Friday, September 11, 2015

Maybe People Aren't Stupid And Understand That Ebooks Don't Cost As Much?

I was doing some windowshopping for books tonight, waiting for Mr F to fall asleep. I clicked on Infinite Home, by Kathleen Alcott to add to my wishlist on Amazon; my wishlist is where I keep track of the books I want to borrow from the library.

I noticed that the Kindle version was $13.99, which seemed excessively high to me. $9.99 is high to me, so increasing the price by 50% really turned me off. Plus, the hardcover was only $15.68!

That made me feel like a lot of books I'd put on the wish list were actually more than $9.99, the longstanding price for a Kindle book from a major publisher. So I went to the New York Times Best Seller list and checked it out, and only one book in the top 20 was under $9.99, while only two were $9.99.  Most were $13 or more.

By the way: Do you think that prices end in .99 because we instinctively think that number is much less than the number that's just one cent higher? That's only part of it. Tests show that people also associate .99 with something being on sale or discounted, so they think they are getting a deal. Some high-end clothing retailers price their items in whole dollar amounts simply to avoid that effect. The power of a '9' at the end is so valuable that it actually increased sales of a dress.  In a test run, a manufacturer was asked to change the price of a dress from $34 to $39. The sales went up by 33%. 
So I did some Googling around and found this article about a Wall Street Journal report on what's actually happening. Remember Hachette's fight with Amazon? You probably do; almost every author took Hachette's side in a remarkable display of naked greed sated only by soaking their readers out of every last penny for mostly terrible books courage. Hachette and a few other publishers "won" the "right" to set their own prices on Amazon, a model called "Agency Pricing." Those publishers have steadily been raising the prices of their bestsellers.  The major publishers' ebooks now cost an average of $10.81, while all other ebooks average just $4.95.

NOTE: AVERAGES ARE A TERRIBLE WAY TO MEASURE THINGS. The two best measures are the median, and the mode. AVERAGES tell you nothing about individual book prices. Half of hte major publishers' books might be priced at $21.62. The other half might be free. The average would be $10.81.  If we knew the median price, we would know that half of all books were more expensive, and half were less. If we knew the mode price, we would know the most commonly-occurring price. Averages are the lazy man's way of making a (wrong) point.

ANYWAYS, the point is twofold: one, major publishers are trying to stick it to readers even though ebooks cost way way less to produce. Publishers claim that ebooks cost only about 10% less than hardcover books to produce, according to this article, but they're cooking the books on two levels. First, they complain that the upfront cost: acquiring the content, editing, and marketing it, are the same as for a hardcover. That is disingenuous for two reasons. One, they count the 'author advance.' An advance is a payment against future royalties, so that's only a cost if they overpaid the author. Otherwise, the advance does not figure into the cost in the sense they're trying to say it does.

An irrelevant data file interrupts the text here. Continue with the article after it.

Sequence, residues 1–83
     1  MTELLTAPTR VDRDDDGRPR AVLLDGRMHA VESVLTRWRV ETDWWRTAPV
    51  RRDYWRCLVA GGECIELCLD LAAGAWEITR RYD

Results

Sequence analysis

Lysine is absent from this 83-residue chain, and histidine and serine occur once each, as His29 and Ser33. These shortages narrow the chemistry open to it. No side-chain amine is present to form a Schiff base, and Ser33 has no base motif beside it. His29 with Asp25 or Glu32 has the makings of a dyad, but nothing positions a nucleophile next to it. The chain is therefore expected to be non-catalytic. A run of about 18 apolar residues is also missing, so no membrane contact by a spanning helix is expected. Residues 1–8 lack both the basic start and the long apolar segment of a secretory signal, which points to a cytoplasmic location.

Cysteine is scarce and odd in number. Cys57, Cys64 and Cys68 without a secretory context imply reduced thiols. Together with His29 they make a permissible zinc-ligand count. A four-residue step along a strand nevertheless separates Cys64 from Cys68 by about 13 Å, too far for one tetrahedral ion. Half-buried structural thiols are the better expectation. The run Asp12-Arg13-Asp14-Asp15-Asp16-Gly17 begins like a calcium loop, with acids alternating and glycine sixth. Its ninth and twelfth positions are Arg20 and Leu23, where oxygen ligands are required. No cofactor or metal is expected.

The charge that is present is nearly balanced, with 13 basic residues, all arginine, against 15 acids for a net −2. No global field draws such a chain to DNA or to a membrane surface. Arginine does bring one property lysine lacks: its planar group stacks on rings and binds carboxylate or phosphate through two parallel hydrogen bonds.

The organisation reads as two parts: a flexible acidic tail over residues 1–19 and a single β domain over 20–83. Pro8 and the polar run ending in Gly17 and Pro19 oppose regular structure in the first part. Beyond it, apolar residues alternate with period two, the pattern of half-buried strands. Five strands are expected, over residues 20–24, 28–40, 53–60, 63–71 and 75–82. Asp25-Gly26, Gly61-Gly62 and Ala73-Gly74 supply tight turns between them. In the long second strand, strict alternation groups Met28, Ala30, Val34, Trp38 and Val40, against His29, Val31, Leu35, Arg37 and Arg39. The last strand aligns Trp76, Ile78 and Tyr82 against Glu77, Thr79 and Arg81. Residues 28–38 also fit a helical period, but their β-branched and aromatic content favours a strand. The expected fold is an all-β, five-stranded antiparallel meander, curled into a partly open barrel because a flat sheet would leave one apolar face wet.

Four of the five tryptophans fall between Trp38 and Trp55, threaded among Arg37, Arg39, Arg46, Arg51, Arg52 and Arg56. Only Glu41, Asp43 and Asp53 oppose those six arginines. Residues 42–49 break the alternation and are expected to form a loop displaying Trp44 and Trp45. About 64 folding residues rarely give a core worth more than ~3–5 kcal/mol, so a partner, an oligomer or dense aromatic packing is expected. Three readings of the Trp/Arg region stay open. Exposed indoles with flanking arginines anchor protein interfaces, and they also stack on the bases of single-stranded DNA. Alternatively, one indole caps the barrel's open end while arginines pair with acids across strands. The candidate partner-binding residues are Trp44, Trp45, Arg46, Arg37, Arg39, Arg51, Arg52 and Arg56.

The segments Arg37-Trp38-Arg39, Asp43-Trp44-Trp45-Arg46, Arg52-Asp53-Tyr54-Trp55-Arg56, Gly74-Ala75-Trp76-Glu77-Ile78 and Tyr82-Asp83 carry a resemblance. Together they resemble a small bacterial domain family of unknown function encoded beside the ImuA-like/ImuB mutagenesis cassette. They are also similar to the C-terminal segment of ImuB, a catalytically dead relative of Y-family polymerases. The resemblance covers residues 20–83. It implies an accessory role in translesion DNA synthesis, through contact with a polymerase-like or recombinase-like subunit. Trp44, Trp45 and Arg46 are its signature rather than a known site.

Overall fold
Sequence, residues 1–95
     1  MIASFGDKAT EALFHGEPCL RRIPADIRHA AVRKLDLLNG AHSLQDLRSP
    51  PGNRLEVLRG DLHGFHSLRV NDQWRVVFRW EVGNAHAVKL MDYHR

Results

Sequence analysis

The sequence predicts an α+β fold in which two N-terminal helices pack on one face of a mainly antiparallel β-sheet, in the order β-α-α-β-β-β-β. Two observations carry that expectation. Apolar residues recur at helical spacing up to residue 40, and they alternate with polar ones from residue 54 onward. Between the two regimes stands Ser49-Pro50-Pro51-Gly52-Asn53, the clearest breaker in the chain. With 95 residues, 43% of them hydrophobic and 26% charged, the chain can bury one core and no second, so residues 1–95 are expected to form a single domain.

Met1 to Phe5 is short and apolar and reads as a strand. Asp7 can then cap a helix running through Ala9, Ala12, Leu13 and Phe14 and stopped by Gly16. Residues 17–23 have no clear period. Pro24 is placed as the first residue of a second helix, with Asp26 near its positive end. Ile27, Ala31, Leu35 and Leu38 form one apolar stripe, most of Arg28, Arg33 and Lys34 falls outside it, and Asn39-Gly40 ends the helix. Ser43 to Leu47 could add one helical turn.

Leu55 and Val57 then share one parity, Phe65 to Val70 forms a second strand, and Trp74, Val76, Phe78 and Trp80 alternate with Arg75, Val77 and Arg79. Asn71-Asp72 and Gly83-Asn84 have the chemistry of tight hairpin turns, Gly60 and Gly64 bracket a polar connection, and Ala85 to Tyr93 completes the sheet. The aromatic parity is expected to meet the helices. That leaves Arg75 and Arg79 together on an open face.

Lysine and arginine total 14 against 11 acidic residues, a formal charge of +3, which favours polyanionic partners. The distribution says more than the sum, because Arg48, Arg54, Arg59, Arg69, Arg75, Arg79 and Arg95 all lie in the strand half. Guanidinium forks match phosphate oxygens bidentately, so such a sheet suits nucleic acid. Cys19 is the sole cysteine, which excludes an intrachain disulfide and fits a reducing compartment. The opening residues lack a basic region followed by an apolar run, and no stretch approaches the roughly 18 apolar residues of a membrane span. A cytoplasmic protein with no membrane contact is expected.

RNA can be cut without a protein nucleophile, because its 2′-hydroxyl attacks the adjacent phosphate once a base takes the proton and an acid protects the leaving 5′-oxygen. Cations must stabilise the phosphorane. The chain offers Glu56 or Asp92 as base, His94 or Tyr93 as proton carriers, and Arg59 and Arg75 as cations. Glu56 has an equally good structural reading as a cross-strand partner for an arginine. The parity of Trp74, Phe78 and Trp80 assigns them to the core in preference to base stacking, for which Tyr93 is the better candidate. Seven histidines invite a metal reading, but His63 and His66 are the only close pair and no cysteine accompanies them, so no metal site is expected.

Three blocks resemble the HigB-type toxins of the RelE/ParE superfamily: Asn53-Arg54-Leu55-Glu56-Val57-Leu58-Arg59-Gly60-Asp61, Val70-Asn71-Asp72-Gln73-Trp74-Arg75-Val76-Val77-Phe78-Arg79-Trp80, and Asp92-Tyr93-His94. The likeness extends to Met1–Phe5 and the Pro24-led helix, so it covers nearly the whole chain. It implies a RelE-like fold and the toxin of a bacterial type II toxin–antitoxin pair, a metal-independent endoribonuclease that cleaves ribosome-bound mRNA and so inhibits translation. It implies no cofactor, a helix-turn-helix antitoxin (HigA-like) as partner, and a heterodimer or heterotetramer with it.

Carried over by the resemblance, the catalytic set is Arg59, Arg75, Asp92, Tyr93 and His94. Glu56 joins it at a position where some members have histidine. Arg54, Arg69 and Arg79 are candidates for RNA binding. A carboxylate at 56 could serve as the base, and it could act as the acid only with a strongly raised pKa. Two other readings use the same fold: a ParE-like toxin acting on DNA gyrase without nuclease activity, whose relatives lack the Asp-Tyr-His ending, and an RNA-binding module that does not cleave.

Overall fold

Second, those upfront costs are shared for the hardcover and ebook. No major publisher I'm aware of publishes only ebooks. So the 'upfront' costs are 50% for the ebook and 50% for the hardcover, at best.

Thirdly (? I lost track) publishers have hired special teams to oversee the conversion of books to electronic versions, and include those costs in the cost of an ebook. While that might be a reason that older, backlisted books cost more than a dollar or so, it's no excuse for a new book; when the book is turned in, it's ready to be converted to an upload on digital copy.  My own publisher, Golden Fleece, doesn't have a staff of thousands loading my book onto Barnes & Noble and Amazon, etc.

Fourthly the publishers say people don't account for shared revenues from online retailers -- but again that's a cost that exists for hardcovers, too. Or doesn't the local bookstore make anything when they sell Go Set A Watchman?

The second (? see, I'm really lost in the numbering) big point here is that the increase in pricing is hurting the big publishers: their sales are down on ebooks. So naturally they are accusing Amazon of causing the problem by creating a price war, saying that Amazon is the one discounting the hard copy editions to hurt the authors whose publishers are setting their own ebook prices.

If so, good for Amazon. Lowering hard copy prices will force publishers to continue to eat into their profits by producing paper books, a terrible model for them. Meanwhile, as ereaders become more popular, the major publishers will see their market share slipping. That'll open up room for smaller publishers and indie authors.

There is lots and lots of money to be made in writing. Major publishers are trying to squeeze the money into a few pockets, and major authors are backing it because they benefit. I'd say that if this keeps up, I'd start buying hardcopies to save money, but as I've noted a lot already, I just go to the library. Until everyone wises up and realizes that books cost $9.99 or less, I doubt I'll be buying many books.

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